After finishing grade school, he tried to find a spot as a watchmaker’s apprentice but was rebuffed everywhere. This he attributed to a prejudice against farm boys as being clumsy and stupid. Perhaps this resentment, which rankled him for life, was the impetus for his horological achievements. Later in life, he had the satisfaction of hosting yearly visits from the graduating classes of the Oslo watchmaking school, to allow the students to wonder at his mechanical expertise.

But perhaps those old watchmakers were right, in a way - a simple apprenticeship was not for Rasmus. He spent several restless years trying out vocations: a bicycle factory hand; a mechanics workshop helper; a stint at the Stavanger Electric Works; he ran a farm equipment workshop: but he still invented, e.g., a hay transport device. With a certificate from the Stavanger Technical Institute, he became an electrical fitter, then an engineer for the Jorpeland Power Station. All this by age 21!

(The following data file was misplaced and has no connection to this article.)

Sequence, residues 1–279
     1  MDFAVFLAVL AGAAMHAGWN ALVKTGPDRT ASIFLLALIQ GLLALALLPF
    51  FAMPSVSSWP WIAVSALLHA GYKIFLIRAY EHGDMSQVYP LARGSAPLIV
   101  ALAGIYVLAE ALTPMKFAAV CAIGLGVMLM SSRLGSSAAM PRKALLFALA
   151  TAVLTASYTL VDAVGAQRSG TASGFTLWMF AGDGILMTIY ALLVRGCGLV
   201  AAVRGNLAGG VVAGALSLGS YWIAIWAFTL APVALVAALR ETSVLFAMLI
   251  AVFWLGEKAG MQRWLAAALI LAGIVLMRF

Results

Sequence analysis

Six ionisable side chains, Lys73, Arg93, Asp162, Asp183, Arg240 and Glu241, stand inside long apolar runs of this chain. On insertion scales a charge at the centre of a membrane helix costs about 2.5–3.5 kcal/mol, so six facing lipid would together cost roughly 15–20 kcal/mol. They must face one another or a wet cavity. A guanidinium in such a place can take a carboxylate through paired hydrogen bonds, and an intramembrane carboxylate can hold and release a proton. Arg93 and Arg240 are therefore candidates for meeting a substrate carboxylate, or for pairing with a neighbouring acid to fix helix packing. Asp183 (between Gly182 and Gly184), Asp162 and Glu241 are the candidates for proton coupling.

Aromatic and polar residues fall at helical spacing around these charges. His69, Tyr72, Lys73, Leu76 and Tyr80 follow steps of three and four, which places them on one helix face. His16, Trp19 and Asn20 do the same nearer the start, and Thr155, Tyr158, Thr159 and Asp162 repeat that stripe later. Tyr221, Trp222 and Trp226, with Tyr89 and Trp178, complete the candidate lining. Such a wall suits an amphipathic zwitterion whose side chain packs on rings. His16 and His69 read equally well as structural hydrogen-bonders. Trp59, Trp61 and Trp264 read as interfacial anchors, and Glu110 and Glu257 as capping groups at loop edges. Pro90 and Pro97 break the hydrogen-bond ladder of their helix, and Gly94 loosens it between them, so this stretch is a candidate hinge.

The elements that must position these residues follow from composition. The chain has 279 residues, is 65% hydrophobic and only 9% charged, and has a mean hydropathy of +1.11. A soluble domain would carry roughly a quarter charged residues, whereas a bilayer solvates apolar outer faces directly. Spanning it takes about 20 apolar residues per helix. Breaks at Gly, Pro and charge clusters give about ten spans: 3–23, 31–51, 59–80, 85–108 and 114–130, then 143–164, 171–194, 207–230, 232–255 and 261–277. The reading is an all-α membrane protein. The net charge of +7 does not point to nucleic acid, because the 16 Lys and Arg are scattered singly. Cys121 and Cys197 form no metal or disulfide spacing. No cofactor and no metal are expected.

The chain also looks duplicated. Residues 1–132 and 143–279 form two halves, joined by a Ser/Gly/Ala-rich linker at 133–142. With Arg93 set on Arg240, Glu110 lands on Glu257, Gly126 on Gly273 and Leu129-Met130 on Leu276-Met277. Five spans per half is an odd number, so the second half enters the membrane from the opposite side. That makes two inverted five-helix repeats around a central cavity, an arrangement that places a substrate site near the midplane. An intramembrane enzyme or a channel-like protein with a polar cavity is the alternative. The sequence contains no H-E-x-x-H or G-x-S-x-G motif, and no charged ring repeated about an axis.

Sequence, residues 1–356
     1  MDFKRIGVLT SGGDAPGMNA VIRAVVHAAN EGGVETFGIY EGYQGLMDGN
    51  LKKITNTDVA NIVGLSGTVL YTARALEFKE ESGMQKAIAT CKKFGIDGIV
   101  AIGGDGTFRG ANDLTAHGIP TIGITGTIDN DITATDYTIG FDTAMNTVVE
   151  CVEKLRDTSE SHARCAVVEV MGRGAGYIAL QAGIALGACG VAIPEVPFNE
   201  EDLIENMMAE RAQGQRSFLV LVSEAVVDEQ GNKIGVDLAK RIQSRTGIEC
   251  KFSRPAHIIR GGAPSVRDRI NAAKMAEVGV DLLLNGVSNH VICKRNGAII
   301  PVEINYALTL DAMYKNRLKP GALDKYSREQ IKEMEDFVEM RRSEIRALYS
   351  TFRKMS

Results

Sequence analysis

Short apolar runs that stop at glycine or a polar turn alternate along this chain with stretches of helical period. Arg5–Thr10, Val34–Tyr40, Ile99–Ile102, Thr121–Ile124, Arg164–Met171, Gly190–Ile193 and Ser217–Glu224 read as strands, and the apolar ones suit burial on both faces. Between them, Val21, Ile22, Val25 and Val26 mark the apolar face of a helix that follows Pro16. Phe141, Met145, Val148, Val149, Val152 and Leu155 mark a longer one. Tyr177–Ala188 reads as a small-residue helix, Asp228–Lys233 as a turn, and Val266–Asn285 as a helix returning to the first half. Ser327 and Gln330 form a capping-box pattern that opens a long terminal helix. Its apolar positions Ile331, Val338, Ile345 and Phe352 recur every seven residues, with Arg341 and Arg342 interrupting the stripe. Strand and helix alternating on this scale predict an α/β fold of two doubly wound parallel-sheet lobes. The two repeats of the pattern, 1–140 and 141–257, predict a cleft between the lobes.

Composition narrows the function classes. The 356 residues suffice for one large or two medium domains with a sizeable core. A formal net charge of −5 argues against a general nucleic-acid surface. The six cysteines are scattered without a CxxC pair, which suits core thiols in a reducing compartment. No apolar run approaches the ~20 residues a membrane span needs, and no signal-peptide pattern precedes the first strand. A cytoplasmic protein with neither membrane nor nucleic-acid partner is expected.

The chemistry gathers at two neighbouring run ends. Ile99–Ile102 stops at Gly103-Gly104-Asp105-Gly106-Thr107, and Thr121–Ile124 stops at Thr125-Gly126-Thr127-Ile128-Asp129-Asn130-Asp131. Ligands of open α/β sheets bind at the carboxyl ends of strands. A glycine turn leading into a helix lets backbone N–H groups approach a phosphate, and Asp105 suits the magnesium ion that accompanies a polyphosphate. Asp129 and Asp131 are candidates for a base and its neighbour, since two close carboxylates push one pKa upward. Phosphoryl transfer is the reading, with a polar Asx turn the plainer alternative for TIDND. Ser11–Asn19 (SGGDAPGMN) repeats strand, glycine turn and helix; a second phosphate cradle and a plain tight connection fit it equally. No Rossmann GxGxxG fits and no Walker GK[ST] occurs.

He became interested in photography, astronomy, and radio. This last led to a job in 1921 with a ship-to-shore radio relay station. In 1922 he started a radio broadcast station, perhaps Norway’s first, in his home. This only operated for about a year, before the local electric company had it closed. - they feared it was leaching off all their power into the air!

In 1931, he moved his young family to the island of Jeloy, where his employer was building a new radio station. Rasmus built himself a new house, bristling with antenna wires and strange devices, such as a rotating irrigation cannon on the roof, for the surrounding gardens. This was liable to soak unwary visitors, or forgetful occupants! Another of those devices was a large telescope (the second largest in Norway). During the April 1940 surprise invasion of neutral Norway by the Nazis, the neighbors asked Rasmus to remove it, as they feared it would be thought a gun and bring bombs down upon the area.

Under the Nazi occupation, Rasmus was apparently involved with the Resistance. Evidence of this is a secret radio he built, disguised as a functioning voltmeter, now in the Oslo technical museum. Possession of this during the occupation was a capital offence.